I was going somewhere else with this, too, but lost my train of thought and can't get it back.

    I appreciate the feedback. :D
  7. susiestar

    susiestar Roll With It

    While the three drugs ARE undeniably addicting, the risk of addiction when properly prescribed is very very low. I have done a LOT of research on this, mainly because I have had chronic pain issues since my teens (25 years now!). I take soma, have for years. Not all the time, not every day. If you take it only when you NEED it then your body may become DEPENDENT on it, but you will not actually be addicted to it. There is a HUGE difference.

    I have been on one pain medication or another all that time too. Yes, my body is dependent on it. I am NOT addicted. I have physical symptoms if I don't take the medications, but I do not get "high" from them. I am on the fentanyl patch. It is a wonderful solution as it gives you a steady dose of the medication, doesn't irritate the stomach, and works for 72 hours. There is not a higher level of medication after you swallow a pill and then a lower level when it wears off. You just slap a patch on and are in decent shape for 72 hours.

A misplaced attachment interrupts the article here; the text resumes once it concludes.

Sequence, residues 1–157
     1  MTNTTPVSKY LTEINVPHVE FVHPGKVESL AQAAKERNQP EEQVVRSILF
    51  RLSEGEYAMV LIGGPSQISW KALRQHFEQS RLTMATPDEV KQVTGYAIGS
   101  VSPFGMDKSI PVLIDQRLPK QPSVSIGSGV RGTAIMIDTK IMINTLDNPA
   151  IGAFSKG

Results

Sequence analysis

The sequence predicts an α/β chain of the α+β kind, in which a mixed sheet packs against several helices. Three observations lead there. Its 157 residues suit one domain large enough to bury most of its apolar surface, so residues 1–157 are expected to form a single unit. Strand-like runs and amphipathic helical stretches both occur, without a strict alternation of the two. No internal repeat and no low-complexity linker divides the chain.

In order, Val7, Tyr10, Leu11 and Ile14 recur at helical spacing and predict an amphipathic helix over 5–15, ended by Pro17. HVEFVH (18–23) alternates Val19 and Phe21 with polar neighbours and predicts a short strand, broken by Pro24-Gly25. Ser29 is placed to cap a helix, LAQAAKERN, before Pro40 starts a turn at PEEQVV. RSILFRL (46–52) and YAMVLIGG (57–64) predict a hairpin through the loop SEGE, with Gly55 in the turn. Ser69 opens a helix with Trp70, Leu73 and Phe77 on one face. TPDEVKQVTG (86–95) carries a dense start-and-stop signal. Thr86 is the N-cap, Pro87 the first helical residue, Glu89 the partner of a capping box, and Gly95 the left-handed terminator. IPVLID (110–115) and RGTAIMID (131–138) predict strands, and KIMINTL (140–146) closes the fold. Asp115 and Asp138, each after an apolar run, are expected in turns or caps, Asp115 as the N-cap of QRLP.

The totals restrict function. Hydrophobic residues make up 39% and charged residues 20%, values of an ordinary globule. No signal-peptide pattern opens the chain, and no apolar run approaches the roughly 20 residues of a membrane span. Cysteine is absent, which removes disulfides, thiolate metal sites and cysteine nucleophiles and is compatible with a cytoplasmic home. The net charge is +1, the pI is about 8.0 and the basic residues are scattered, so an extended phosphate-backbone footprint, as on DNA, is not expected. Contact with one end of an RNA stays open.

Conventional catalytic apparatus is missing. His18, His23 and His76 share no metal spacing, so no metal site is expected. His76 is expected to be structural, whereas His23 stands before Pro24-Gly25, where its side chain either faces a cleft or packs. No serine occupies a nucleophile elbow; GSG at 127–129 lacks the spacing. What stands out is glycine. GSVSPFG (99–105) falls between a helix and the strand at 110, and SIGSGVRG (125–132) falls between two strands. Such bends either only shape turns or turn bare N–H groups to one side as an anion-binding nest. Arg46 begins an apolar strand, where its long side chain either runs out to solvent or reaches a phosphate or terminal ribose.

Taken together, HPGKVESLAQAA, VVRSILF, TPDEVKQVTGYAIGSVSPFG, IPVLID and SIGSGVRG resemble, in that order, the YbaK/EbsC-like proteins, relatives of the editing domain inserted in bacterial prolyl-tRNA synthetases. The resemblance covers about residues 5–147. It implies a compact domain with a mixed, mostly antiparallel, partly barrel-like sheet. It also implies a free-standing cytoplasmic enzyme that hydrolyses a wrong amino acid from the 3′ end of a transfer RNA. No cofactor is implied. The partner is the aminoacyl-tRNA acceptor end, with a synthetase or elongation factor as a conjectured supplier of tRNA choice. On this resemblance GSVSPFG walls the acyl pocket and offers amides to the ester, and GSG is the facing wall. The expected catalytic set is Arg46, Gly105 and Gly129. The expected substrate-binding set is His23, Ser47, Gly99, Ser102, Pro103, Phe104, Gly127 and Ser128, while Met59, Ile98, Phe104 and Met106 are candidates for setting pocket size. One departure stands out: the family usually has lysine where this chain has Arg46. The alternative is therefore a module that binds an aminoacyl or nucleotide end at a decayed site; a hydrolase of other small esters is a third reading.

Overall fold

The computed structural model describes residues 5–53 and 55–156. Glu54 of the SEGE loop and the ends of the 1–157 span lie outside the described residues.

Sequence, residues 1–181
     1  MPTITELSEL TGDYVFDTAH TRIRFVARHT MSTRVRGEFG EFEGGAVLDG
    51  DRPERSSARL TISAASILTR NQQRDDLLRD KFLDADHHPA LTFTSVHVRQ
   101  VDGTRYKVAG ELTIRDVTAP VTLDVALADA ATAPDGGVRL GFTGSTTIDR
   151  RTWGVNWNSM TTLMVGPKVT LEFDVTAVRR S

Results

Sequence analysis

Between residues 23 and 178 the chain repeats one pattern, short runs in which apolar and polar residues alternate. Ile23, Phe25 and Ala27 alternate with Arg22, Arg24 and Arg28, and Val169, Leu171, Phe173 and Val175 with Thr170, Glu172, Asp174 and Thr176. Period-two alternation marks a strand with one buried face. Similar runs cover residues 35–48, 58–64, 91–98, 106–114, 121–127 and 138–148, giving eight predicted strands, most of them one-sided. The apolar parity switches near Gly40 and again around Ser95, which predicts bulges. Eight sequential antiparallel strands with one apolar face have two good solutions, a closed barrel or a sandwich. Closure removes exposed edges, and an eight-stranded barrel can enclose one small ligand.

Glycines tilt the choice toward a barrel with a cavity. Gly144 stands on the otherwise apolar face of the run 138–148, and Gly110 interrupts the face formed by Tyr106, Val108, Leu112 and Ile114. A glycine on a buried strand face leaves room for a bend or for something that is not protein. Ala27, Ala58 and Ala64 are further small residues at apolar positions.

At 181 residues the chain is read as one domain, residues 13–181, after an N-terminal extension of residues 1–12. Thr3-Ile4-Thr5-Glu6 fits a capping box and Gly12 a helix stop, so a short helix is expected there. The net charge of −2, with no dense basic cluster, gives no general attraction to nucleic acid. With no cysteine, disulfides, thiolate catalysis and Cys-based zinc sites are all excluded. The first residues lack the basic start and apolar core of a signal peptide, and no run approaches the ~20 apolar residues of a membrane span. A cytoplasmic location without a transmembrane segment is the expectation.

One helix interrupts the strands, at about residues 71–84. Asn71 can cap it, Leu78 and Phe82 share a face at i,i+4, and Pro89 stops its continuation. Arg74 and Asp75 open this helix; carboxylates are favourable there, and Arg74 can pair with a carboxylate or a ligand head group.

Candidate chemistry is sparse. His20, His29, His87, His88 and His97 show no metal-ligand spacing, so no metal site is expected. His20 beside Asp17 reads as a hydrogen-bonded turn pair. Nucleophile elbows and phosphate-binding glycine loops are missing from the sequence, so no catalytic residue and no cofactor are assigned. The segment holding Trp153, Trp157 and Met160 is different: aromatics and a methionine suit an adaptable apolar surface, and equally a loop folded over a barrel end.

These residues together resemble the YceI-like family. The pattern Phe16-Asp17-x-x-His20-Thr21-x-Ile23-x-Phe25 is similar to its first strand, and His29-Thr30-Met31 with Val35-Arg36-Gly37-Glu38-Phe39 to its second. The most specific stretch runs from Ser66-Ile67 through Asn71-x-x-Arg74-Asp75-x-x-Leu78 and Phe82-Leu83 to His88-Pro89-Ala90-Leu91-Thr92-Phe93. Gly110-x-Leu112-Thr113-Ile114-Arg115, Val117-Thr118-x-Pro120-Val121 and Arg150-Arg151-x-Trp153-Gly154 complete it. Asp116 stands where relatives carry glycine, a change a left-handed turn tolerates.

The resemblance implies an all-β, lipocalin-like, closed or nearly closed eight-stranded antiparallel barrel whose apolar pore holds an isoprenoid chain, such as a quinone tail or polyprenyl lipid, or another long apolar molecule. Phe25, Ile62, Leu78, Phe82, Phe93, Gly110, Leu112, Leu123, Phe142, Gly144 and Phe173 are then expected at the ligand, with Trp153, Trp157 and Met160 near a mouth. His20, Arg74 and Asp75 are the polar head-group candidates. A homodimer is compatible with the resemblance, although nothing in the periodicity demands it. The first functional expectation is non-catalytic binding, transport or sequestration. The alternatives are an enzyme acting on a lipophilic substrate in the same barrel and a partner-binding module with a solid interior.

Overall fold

I am not currently taking xanax, though I did for years. The ONLY time I took more than 1/2 of a .5 mg tablet was when Wiz was in the psychiatric hospital, and again as I went through the court ordeal after I had him removed. And those were times my psychiatrist wanted me to take MUCH more, though I didn't.

    One way you can tell if the medications are needed for you is if they simply make you more able to be YOU, to do the things you want and need to do. If they are making you high feeling, then they need to be switched.

    The problem with the medications is that they are often prescribed by docs who don't know what they are doing, and prescribed to people who don't need them. (I am NOT saying that you don't need them, Wynter, merely that they are not something to be afraid of in the shape you are in.)

    A pain mgmt doctor will want you to sign a contract saying you will only get your medications from him. They mean ALL medications should be rx'd by them. It is one way to make sure that people are not abusing the medications. Pain mgmt docs also do spinal blocks and epidurals to try to help get pain under control.